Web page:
In the spring of 1966, the formidable Laura Sabia, then president of the Canadian Federation of University Women, gave Prime Minister Lester B. Pearson a warning: "If you don't do something about discrimination against women in Canada, two million of us will hit the streets."
That was the last thing Pearson needed.
Bombs were already going off in Quebec; rising nationalism there was putting the future of the country at risk. That had already prompted the establishment of the Royal Commission on Bilingualism and Biculturalism.
And now — here were the women.
In 1967, they got their royal commission.
The commissioners — five women and two men, headed by Ottawa journalist Florence Bird — criss-crossed the country for six months, hearing from women about the problems they faced in Canadian society.
They sifted through hundreds of briefs and more than 1,000 letters, before tabling their report 50 years ago this December.
Monique Bégin, a 31-year old-sociologist from Montreal, was hired as the commission's executive secretary. She pretty much ran the show.
Bégin, now 84, a retired university professor and former Liberal cabinet minister who, as health minister, brought us the Canada Health Act, says her experience on the commission was one of the highlights of her life.
David Gutnick's documentary, "More Explosive Than Any Terrorist's Time Bomb," airs on The Sunday Edition on March 8, International Women's Day.
Here are some excerpts from Gutnick's interview with Bégin, condensed and edited for clarity.
In the early '60s in Canada, women, whatever their training and their abilities, were confined to basically four or five typical women's occupations: saleswoman in a store, teacher, nurse, secretary and factory worker. So I became a teacher. I remember learning that when I marry, I would lose my job immediately. It was just very wrong. And such were the times.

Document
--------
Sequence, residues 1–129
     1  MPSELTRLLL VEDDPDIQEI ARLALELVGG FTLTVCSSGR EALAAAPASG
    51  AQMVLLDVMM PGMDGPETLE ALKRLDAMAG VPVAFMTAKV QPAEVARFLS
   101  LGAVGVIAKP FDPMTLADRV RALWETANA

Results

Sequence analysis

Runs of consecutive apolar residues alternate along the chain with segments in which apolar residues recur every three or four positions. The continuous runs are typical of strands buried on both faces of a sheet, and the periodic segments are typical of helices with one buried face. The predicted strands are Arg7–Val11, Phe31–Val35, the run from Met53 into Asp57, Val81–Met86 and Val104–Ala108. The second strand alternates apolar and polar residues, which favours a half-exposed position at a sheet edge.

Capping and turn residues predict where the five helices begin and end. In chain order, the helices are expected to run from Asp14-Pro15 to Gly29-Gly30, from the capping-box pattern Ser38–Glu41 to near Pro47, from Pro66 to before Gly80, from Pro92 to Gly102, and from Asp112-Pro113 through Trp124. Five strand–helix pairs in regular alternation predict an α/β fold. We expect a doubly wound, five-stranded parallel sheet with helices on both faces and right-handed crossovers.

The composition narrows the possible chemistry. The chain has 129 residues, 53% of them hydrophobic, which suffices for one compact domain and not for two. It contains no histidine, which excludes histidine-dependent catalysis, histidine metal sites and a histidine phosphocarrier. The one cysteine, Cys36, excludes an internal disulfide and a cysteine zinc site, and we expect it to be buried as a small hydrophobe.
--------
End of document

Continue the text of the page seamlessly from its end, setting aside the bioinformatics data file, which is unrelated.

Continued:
It was the great successful times of the '60s that brought together the impetus to push for a Royal Commission on the Status of Women. Of course, Prime Minister Pearson's cabinet had only one woman, Judi LaMarsh. LaMarsh, who was secretary of state, was absolutely in favour of a commission. But the name of her memoir, The Bird in the Gilded Cage, says it all. Cabinet was dead set against a [royal commission]. So it's really women who kept pushing and finally obtained it on Feb. 3, 1967. Cabinet appointed seven commissioners: Florence Bayard Bird, chairperson; Lola M. Lange, Jeanne Lapointe, Elsie Gregory MacGill, Doris Ogilvie, Jacques Henripin and Donald Gordon, Jr.
Hearing from women
We had to reach out to Canadian women who have never been in a royal commission and don't even know what it means because fundamentally that's masculine. It's never for women.
Our philosophy was participatory democracy. It was crystal clear for us that we wanted ordinary women, that it was their royal commission, and we needed to hear them. That spirit nurtured everything.